Eating a 100-percent gluten-free diet may be theoretically possible, "but in reality, it's nearly an impossible feat," National Foundation for Celiac Awareness president Alice Bast told the Mayo Clinic. The Food and Drug Administration actually allows products to be labeled gluten-free, even if they contain extremely small amounts of up to 20 parts per million, because it says that there aren't reliable laboratory tests to detect gluten at lower levels than that.
Further, the FDA doesn't actually require food manufacturers to test their finished products for gluten content. Instead, they can meet the requirements simply by obtaining certificates from their ingredient suppliers, attesting that the ingredients are gluten-free [source: FDA]. As Consumer Reports points out, if a manufacturer uses the same equipment for manufacturing food with gluten in it, it's entirely possible for cross-contamination to occur. Additionally, recent research has shown that some supposedly gluten-free products turn out to contain malt, malt extract or malt syrup as minor ingredients, which usually are made from barley with gluten in it.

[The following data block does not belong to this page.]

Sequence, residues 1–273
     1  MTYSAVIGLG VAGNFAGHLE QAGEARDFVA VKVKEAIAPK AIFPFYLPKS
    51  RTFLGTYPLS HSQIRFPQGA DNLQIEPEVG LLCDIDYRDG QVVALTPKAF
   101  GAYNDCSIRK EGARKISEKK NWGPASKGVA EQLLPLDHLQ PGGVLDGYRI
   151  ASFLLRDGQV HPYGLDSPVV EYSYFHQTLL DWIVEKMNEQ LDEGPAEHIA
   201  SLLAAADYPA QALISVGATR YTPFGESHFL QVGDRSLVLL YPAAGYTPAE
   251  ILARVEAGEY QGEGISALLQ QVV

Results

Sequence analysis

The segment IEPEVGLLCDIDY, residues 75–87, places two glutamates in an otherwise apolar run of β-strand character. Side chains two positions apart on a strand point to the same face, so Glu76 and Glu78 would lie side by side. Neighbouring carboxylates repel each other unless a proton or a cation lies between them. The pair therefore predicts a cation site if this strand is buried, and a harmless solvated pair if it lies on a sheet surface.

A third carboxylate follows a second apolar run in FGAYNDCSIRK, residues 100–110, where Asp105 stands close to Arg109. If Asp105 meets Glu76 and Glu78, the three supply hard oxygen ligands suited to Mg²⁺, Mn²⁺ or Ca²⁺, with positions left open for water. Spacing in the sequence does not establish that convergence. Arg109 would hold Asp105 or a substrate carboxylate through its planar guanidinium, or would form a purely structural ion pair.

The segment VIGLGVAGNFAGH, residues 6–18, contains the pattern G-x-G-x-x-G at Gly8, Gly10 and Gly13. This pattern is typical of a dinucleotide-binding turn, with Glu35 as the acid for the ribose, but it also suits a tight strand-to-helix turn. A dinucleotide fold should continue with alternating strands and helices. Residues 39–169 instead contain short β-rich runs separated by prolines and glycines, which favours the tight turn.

The FDA reassures people with celiac disease that all this probably doesn't put them at too much risk, since research shows that most of them can tolerate extremely small amounts of gluten. But for those who believe that gluten is an intolerable poison that must be avoided in any amount, the reality is going to be difficult to swallow.